Unlock the potential of your team: How to develop winning minds
Wednesday, August 14, 2019/
The secret to engaged and high-performing teams that go the extra mile? Great leadership – not just from the top-down, but from the whole team.
By encouraging employees to cultivate leadership skills, you can create a winning team that’s proactive, productive, and stronger together.
“Great leadership is important in any organisation, regardless of its size,” says Daniela Kraus, director and global COO of XVenture.
“People believe that to be a leader means being the boss. This isn’t the case at all. Every person has the opportunity to take a leadership role.”
So how can small business owners develop their people to become future leaders?
The secret to employee motivation
Leadership development is crucial for growing businesses looking to keep their teams motivated and productive. Researchers at Culture Amp identified that strong leadership and development opportunities comprised four of the top five drivers of employee engagement. Exhibiting strong leadership, and offering employees a chance to develop and do the same, is crucial to keeping them engaged – and keeping them around.
Professional development is a constant area of interest for workers – a SmartCompany survey conducted in late 2018 found 40% of readers wanted to learn more about how to lead and develop a team.
If you’re not investing in developing your people, you could be losing a competitive edge. Twenty-one per cent of readers in the same survey said they planned to invest in education and professional development either for themselves or their staff, and more than 50% (51.78) of small businesses have invested between $2000-$10,000 in professional development.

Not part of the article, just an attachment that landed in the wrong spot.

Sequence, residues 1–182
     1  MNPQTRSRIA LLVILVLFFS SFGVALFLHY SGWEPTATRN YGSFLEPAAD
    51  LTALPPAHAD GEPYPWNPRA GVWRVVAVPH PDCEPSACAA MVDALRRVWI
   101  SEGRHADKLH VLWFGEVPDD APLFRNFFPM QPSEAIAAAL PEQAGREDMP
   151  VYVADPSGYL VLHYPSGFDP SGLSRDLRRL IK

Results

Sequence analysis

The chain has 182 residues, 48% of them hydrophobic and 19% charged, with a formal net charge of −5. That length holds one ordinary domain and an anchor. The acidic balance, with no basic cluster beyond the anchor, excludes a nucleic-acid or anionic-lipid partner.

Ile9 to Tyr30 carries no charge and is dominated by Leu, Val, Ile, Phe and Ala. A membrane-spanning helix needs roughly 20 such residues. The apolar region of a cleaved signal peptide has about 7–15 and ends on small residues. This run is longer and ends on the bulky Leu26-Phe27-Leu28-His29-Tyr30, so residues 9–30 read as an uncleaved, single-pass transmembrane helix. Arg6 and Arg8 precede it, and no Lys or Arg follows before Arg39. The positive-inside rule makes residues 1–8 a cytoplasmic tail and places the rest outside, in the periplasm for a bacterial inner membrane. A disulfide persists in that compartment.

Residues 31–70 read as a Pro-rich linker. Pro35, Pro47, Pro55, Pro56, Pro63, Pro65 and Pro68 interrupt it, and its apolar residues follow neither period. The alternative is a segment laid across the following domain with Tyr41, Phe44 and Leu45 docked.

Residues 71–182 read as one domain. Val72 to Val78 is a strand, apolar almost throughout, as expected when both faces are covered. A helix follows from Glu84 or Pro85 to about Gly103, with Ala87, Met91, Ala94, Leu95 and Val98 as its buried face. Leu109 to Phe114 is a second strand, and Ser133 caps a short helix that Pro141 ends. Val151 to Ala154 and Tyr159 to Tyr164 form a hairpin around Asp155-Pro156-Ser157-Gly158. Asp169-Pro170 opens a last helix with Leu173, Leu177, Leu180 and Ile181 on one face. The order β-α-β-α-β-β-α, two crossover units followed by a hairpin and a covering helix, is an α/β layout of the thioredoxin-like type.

Creating Winning Minds
To develop great leaders, Kraus says people should work on fostering a ‘Performance Improvement Mindset’.
“How can one be better today, than yesterday? When a setback is experienced, or a mistake is made, having a PIMS (Performance Improvement Mindset) is so important.”
Integral to this improvement mindset is cultivating the principles of EARL – emotional agility, resilience and leadership. Kraus says these four attributes will help create leaders that are flexible and adaptable, self-aware, stable, resilient and empathetic.
These principles aren’t just applicable in the workplace. Kraus’ business partner Mike Conway recently worked with A-League soccer team Sydney FC to develop cohesion and build EARL in players and coaches. The results speak for themselves: in the time he worked with the team, it won five trophies and broke numerous records.
“The principles of EARL transcend size of an organisation and industry. A person who is emotionally agile is going to be more adaptable, they are going to be able to monitor their emotions and the impact of them on their own performance,” Kraus says.
Equally important is resilience, which Kraus says is particularly necessary for small business owners to cultivate.
“When something has led to a negative or unexpected outcome, a business owner needs to be able to move on quickly,” she says.
“It’s ok to make mistakes. In fact, mistakes are important for one’s own personal growth and business growth. It’s the ability to reflect, learn and then move forward quickly which will help build resilience.”
Taking the time to develop your people will ensure your team is engaged, productive, and has the freedom to experiment and learn.
“Encourage a culture of open and honest learning to encourage people to take a leadership role,” says Kraus.
In any organisation, people are the greatest asset. Investing in their development and giving them opportunities for leadership and growth will ensure you’re set up for success.